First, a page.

All things being equal, I’d rather not learn things the hard way. As I get older, I’ve learned that taking lessons from the mistakes of others is a good thing. This is especially true when venturing into a river such as the Lower Pecos. After a recent trip with three other paddlers during a long holiday weekend, I compiled a list of my lessons learned and I’m sharing it here hoping it helps my fellow river paddlers to avoid some potential pain.
Lesson 1. Never too Early for Planning
This may be obvious, but if you’re like me, then your life is extraordinarily busy. I found it difficult to find the time needed to plan and pack for a trip like the Pecos when most of my fishing trips were impromptu weekend paddles on local rivers and lakes. My advice to you: In the months leading up to your trip, take every bit of free time you have to plan your trip, study maps, check your equipment, read stories, etc. Time has a way of creeping up on you.
Lesson 2. Make a List, Check it Twice
As I said, it’s common for me to decide to take a Saturday morning fishing trip on Friday evening. This has come back to bite me a few times. Recently, my son and I drove two hours on a Saturday morning to the Brazos. We were both excited to do some trout fishing, but after unloading and setting up my kayak in front of a packed crowd, I realized I forgot the paddles. Embarrassed, I did the walk of shame, with my son, back to my truck. Fortunately, an ice cream quickly turned my son’s disappointment around.
I decided that was the last time that was going to happen. Now I use a physical checklist. I no longer rely on the list in my head. In fact, this lesson saved me when packing for the Pecos River trip. As I triple checked my list, I realized that I almost forgot my fishing poles! Don’t judge me too harshly, it’s easy to do, and I’m making amends by writing this article.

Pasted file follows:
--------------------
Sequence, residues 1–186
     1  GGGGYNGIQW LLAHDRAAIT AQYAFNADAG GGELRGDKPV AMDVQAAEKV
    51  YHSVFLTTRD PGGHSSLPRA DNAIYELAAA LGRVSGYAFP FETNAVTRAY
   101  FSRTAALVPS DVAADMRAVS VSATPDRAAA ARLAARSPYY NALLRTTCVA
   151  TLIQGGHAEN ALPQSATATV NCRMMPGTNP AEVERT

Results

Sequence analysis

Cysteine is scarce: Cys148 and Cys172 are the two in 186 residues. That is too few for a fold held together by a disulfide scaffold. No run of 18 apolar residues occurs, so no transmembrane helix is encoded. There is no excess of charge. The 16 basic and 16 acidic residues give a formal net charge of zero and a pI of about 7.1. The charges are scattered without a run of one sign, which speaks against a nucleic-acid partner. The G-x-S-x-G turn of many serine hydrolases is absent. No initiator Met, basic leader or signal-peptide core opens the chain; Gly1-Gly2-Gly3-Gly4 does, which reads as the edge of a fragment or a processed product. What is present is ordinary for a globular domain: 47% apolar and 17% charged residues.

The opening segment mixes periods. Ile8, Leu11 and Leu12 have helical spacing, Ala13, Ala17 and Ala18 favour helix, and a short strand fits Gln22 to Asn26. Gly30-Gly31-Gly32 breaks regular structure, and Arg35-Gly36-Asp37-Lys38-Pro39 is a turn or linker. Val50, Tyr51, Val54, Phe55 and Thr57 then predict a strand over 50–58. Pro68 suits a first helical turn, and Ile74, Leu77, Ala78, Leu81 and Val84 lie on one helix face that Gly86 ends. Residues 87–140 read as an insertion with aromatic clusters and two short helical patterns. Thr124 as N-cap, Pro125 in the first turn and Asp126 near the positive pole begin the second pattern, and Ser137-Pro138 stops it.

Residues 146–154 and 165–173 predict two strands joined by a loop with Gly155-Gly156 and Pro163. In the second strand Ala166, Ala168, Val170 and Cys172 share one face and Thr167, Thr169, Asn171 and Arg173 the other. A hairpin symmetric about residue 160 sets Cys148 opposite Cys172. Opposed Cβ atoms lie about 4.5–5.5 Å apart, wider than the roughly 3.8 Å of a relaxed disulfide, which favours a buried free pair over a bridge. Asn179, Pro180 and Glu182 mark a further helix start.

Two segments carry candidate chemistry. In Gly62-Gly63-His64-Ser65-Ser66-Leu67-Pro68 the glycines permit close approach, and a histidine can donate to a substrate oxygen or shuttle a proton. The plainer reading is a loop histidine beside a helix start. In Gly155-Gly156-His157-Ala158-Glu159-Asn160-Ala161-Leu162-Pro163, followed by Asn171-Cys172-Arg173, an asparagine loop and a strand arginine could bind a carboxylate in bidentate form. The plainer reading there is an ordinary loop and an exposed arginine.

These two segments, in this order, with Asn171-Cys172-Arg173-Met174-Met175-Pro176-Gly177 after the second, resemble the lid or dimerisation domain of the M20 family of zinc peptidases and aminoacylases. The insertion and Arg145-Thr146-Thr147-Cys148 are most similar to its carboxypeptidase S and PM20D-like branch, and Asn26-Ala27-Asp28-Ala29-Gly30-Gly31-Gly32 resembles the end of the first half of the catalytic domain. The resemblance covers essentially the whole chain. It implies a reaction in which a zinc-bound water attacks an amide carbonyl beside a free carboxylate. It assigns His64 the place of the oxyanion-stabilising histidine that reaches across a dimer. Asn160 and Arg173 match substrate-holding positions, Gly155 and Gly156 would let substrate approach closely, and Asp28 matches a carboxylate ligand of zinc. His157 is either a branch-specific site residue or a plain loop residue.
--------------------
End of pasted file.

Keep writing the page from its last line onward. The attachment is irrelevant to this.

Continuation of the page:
Lesson 3. Order New Gear Early
I rely a lot on online shopping. Rarely am I able to make it to a brick and mortar store to buy my outdoors gear. But while it’s convenient, it doesn’t give you the chance to see and feel your equipment before you purchase, and that can be bad. I am also on a budget so I take my time to find sales. The less money I spend on equipment, the more my wife will let me fish. It’s a delicate balance.
I also don’t buy expensive equipment because at some point your gear is going to get wet, bent, or lost. This is especially true on the Pecos. So before the trip, I went online and researched the gear I needed, at the best prices. I ordered most of my gear from expertcity.com, a great company with great prices, but it took me several weeks to get my gear. In fact, I left for the trip without a camp stove and a water purifier. It wasn’t a big deal, because between all of us, we had several, but it’s always nice to have your own gear.
Lesson 4. Is it essential?
Despite how durable the manufacturer says their equipment is, it can break. And even if it doesn’t break, it can certainly be lost. If you paddle the Pecos you will eventually find yourself floating in the water with your kayak upside down. It’s the law of physics on the Lower Pecos: hatches pop open, gear comes loose, poles break, water bottles get lost, hats go missing, and anything not in a waterproof bag gets wet. Don’t underestimate the power of moving water; if it’s essential gear, things like your head lamps or sunglasses, water filters, dry shoes, first aid kit, knife, then make sure it’s secure, whether that means in a waterproof case (tied to your kayak) or safely inside the hull of your kayak…you decide.
Lesson 5 . Water Filters
Water is an interesting topic on the Lower Pecos River (article) I took a couple of Life Straws on this trip for my water filter. I could use it anywhere and drink directly from the source whether that was the river itself or a much better tasting spring. The Life Straw worked in even the smallest of spring fed pools, and at $20 each, Life Straws are cheap enough that I carried a spare in my bug out bag.
The only drawback is a big one, the Life Straw doesn’t allow you to filter water into a container for cooking or making coffee. It didn’t matter much on this trip because the other paddlers all had bigger water filters. Two of them used the Katadyn Hiker which were compact, easy to use and they filtered cooking water pretty quickly.
Lesson 6. – Bug out bag